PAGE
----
Sorry for my lack of posts lately, I have been sick for some weeks and couldn't bare to be on a computer for a long time.
I am at the moment crazy about oils. As you might remember, I posted a recipe for Basil Infused Oil some weeks ago. So I have been experimenting using it in some recipes.
It is getting cold in Berlin and I always feel like "Italian" when I am sick. I had some Black Tiger Prawns at home and some risotto rice, and this is what I made with it:
Risotto with Black Tiger Prawns (2 pers)
4 big Black Tiger Prawns
150 gr Risotto Rice
1000 ml Broth (chicken or fish)
2 small Yellow onions or 3 shallots in small dices
2 Garlic cloves in small dices
1 tbsp olive oil
1 tbsp Butter
50 gr Parmesan Cheese
50 ml Créme fraîche
1 tbsp Milk
1 tblsp Herb infused Oil
Salt and Pepper
In a pot, fry the Risotto, garlic and onions in olive oil until the risotto starts to look transparent. Start adding the broth little by little. Add some and let it cook while stirring. Repeat.
When it is done, take it away from the heat and add the butter and parmesan. Let it rest.
In a hot pan, fry the prawns about 30 seconds per side and add some salt and pepper. They will change color from black to orange. Take them off the heat.
On a bowl or little jar add the milk, créme fraîche with a bit of salt and the basil infused oil and mix well.
Serve the risotto with the prawns on top adding the basil & créme fraîche sauce around it and enjoy warm.
I used this beautiful dish and jar from Lov i Listed. They have beautiful handmade stuff made in Bornholm. I got the jar as a birthday gift from Torben and Susanne the people behind this amazing store.
We paired this dish with one of my favorite natural wines from Gut Oggau: Theodora.
Rarely I travel to NeuKöln. It is quite bike ride from work and even on a taxi it takes me about 35 minutes. But my friend and foodie fellow René (one of the responsibles for Berlin Cooking Club) told me that there is a great place in that district called: Industry Standard and that we should pay it a visit.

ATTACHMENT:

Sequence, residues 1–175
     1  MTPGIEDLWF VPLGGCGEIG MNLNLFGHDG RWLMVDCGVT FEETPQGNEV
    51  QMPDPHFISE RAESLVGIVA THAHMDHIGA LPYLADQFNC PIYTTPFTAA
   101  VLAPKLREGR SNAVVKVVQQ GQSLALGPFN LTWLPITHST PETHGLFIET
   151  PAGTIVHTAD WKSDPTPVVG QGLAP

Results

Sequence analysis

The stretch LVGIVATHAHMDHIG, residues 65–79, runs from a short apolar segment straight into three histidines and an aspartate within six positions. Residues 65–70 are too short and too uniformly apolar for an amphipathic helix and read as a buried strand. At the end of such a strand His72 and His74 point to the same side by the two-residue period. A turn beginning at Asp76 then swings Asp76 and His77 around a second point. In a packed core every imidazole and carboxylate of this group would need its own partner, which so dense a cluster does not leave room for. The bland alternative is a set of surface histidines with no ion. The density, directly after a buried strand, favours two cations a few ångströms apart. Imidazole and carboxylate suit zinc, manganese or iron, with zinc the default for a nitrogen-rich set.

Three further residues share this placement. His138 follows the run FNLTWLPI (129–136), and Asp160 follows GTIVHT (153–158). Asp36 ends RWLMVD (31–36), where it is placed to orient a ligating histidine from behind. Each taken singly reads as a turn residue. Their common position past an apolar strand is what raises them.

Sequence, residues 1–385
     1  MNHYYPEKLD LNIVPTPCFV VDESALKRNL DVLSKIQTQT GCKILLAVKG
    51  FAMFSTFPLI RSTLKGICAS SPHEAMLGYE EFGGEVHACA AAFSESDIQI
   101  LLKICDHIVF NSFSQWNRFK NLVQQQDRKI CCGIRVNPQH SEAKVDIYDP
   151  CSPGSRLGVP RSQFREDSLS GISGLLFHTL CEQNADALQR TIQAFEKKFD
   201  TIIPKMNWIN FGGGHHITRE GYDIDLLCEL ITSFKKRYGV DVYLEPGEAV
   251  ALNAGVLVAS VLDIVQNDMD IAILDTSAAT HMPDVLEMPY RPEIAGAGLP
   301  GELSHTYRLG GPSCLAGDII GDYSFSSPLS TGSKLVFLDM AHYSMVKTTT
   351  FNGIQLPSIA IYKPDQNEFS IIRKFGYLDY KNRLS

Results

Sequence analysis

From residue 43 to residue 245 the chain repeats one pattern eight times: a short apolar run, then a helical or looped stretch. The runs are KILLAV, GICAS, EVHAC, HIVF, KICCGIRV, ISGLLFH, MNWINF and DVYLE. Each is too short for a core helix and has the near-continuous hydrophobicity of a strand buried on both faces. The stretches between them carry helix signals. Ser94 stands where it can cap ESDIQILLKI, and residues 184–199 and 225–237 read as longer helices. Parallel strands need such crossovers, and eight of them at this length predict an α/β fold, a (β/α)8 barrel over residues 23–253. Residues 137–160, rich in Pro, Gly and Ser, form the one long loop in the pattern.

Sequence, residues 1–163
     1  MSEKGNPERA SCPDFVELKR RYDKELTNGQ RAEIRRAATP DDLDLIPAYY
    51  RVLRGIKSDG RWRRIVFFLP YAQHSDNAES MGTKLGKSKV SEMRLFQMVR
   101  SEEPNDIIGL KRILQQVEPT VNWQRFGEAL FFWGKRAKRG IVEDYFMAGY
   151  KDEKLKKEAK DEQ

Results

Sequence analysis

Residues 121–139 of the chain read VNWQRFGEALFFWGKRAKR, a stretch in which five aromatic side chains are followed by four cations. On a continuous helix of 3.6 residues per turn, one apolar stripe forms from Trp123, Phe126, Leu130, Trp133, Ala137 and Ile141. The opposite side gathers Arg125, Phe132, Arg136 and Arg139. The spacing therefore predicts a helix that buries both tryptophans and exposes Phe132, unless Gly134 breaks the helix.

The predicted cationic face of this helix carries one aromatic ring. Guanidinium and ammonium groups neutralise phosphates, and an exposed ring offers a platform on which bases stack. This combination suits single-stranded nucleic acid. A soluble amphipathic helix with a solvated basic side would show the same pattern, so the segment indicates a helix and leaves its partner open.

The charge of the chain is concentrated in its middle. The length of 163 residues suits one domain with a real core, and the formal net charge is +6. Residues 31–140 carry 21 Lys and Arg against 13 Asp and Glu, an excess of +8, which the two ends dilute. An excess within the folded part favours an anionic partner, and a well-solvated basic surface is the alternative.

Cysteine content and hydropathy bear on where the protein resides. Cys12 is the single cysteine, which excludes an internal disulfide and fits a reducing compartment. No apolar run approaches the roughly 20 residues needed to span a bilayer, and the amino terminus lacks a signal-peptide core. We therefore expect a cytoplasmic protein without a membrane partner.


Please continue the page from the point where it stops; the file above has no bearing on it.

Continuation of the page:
Once I got there I was impressed of their scandinavian interior designed, decorated with great chalk drawings on the walls. The "artistic vibe" since you get there is just so Berlin!
After a glance to their menu, you can see the french and mediterranean influence.. those duck hearts seemed to be delish, though as it was not possible to get them gluten free, I had to order some other stuff. But the highlight of the evening was "the crab". You can order a whole crab that will be served to be enjoyed and slurped until only the shell is left. It was just heavenly cooked!
In this restaurant, you do not order one but several small dishes, 3 of them are enough to get you very satisfied and you can enjoy them with delicious natural and biodynamic wines or cocktails.
You need to go to Neuköln because they will keep their promise: We will feed you.
Ylajali is closing. This is their final chapter. When the news broke that Even Ramsvik would conclude the adventure of his one Michelin star restaurant by the end of this year, we knew it was time to finally pay him a visit. Due to the same reason as we wrote in our Maaemo feature, we had not been here before. In hindsight, a big mistake. Ylajali turned out to be a remarkable dining experience.
The name Ylajali is closely linked to the location at St. Olavs plass 2 in Oslo. In this very building lived the character Ylajali from the book "Sult" by famous Norwegian author Knut Hamsun. In the real world the building has housed an old apothecary for almost a century. If you go right, in stead of left, you enter Tekehtopa, which is "Apotheket" spelled backwards. Even Ramsvik now runs this café as well. From a separate kitchen, mind you, and with a completely different style. The food is more rustic and simpler, but very tasty and with great value for money!
Booking a table at Ylajali was not easy after the newspapers wrote that 2015 would be the last chance to dine here. In fact, we weren't able to book for two people at all. Only a table for four was available this day. We tried to get someone to join us, but a sudden Ylajali evening isn't something most people do spontaneously. In the end we asked to change our reservation and the restaurant was nice enough to comply. It turned out to be a quiet evening, though, which was weird considering the difficulty to book. We are guessing a lot of people have placed several bookings this year, and cancels last minute...